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Estrogens are responsible for maturation and maintenance of the vagina and uterus, and are also involved in ovarian function, such as maturation of ovarian follicles.

The metabolic effects of estrogen in postmenopausal women has been linked to the genetic polymorphism of the ER.

While estrogens are present in both men and women, they are usually present at significantly higher levels in women of reproductive age.

They promote the development of female secondary sexual characteristics, such as breasts, and are also involved in the thickening of the endometrium and other aspects of regulating the menstrual cycle.

In males, estrogen regulates certain functions of the reproductive system important to the maturation of sperm Estrogens are responsible for the development of female secondary sexual characteristics during puberty, including breast development, widening of the hips, and female fat distribution.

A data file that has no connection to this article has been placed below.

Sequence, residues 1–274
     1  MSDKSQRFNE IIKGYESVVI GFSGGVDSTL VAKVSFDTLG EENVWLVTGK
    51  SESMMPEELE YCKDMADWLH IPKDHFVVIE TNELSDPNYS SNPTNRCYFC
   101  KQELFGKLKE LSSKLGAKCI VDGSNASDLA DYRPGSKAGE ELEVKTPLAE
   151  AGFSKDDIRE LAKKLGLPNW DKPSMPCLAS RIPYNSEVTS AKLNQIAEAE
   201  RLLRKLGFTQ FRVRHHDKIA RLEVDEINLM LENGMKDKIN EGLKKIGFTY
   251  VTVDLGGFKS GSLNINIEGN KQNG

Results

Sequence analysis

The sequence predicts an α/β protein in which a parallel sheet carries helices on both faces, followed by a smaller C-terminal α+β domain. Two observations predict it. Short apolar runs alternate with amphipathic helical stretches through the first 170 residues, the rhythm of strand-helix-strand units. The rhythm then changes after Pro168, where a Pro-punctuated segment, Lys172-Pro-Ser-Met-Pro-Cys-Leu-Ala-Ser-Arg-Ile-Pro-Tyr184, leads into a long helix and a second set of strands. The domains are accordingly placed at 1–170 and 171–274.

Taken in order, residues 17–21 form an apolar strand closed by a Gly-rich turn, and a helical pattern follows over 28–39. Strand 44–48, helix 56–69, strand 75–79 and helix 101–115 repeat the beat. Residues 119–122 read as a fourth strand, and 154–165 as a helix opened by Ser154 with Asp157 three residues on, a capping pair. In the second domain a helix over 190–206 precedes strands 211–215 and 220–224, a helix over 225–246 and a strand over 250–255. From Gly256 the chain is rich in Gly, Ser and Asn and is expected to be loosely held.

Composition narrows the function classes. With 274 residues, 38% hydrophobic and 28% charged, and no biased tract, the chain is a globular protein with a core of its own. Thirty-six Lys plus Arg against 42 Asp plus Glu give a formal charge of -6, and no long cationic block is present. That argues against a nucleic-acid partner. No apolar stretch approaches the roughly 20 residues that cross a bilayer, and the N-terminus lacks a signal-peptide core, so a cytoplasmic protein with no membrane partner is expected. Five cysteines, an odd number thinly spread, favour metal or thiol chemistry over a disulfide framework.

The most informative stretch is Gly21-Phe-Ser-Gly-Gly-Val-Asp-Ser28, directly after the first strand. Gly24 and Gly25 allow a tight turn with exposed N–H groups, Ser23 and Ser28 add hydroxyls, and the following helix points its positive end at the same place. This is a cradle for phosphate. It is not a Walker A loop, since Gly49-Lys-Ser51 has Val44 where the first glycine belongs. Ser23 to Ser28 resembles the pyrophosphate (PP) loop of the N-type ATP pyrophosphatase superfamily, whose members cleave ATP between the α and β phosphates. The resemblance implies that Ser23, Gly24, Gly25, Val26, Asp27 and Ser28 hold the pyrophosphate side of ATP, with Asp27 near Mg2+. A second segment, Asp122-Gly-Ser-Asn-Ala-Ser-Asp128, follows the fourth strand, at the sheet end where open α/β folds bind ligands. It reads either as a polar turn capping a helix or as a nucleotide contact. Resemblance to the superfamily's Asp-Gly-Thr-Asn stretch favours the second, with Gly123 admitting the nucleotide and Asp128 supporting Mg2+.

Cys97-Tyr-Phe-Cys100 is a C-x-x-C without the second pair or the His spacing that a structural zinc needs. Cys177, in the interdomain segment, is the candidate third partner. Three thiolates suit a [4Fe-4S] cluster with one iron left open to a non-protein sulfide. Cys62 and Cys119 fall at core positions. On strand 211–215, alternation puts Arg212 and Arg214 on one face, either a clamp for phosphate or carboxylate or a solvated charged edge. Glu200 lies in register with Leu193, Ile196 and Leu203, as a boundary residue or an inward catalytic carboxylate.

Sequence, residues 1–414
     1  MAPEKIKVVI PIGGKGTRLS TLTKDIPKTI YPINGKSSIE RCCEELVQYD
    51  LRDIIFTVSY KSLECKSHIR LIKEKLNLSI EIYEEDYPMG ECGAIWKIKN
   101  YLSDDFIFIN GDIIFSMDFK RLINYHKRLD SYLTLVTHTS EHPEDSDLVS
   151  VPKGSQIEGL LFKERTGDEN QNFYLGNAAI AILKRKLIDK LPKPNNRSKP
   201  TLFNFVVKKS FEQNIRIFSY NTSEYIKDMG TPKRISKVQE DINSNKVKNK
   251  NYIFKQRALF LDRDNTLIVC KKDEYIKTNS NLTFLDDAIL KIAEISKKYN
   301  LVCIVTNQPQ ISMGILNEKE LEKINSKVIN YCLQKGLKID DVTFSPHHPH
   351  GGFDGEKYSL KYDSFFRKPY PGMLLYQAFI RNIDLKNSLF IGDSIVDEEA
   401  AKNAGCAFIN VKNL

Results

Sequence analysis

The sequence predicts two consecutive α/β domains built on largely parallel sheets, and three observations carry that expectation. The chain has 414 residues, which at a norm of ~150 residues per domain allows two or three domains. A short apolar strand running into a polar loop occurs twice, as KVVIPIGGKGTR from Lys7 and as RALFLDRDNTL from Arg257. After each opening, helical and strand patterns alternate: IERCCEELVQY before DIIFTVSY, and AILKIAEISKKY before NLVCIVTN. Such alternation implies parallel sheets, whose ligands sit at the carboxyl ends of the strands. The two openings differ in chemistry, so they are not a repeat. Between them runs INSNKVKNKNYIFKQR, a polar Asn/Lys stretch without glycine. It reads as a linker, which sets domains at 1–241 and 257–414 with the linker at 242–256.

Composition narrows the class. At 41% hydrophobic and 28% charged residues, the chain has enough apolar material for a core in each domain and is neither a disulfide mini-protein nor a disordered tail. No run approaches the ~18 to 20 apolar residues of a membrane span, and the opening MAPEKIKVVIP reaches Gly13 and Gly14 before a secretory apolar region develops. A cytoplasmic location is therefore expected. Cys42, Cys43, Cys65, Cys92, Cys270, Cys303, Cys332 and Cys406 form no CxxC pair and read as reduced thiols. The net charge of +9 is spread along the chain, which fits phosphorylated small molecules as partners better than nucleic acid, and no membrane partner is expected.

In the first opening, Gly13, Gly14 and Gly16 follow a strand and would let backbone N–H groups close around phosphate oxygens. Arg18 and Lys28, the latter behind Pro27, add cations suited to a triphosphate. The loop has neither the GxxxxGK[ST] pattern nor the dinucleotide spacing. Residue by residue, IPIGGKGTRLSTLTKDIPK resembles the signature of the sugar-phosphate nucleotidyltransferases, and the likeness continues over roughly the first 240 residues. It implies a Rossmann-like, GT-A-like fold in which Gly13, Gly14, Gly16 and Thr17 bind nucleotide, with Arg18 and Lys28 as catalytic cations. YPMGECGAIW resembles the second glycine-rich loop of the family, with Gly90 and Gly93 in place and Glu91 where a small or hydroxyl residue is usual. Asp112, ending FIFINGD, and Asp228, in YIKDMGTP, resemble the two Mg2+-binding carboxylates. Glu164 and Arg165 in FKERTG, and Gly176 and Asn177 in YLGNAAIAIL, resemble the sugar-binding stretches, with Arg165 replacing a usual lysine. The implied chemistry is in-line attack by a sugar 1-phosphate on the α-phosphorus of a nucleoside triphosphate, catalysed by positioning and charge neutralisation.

Once inside the cell, they bind to and activate estrogen receptors (ERs) which in turn modulate the expression of many genes.

In addition to their role as natural hormones, estrogens are used as medications, for instance in menopausal hormone therapy and hormonal birth control; for information on estrogens as medications, see the estrogen (medication) article.

The three major naturally occurring forms of estrogen in females are estrone (E1), estradiol (E2), and estriol (E3).